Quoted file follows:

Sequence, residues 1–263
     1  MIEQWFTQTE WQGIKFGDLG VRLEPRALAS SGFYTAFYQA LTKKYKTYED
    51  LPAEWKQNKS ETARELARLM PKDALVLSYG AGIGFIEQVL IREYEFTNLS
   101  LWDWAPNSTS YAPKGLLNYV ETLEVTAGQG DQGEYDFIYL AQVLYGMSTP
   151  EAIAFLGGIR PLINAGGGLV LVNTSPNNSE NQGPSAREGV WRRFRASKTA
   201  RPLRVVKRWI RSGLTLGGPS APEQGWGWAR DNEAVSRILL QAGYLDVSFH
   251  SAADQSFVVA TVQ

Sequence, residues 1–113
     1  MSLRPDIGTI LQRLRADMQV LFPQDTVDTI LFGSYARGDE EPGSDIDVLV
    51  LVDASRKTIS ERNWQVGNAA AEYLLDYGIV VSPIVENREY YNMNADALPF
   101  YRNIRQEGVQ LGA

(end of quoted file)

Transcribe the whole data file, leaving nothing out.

Sequence, residues 1–263
     1  MIEQWFTQTE WQGIKFGDLG VRLEPRALAS SGFYTAFYQA LTKKYKTYED
    51  LPAEWKQNKS ETARELARLM PKDALVLSYG AGIGFIEQVL IREYEFTNLS
   101  LWDWAPNSTS YAPKGLLNYV ETLEVTAGQG DQGEYDFIYL AQVLYGMSTP
   151  EAIAFLGGIR PLINAGGGLV LVNTSPNNSE NQGPSAREGV WRRFRASKTA
   201  RPLRVVKRWI RSGLTLGGPS APEQGWGWAR DNEAVSRILL QAGYLDVSFH
   251  SAADQSFVVA TVQ

Sequence, residues 1–113
     1  MSLRPDIGTI LQRLRADMQV LFPQDTVDTI LFGSYARGDE EPGSDIDVLV
    51  LVDASRKTIS ERNWQVGNAA AEYLLDYGIV VSPIVENREY YNMNADALPF
   101  YRNIRQEGVQ LGA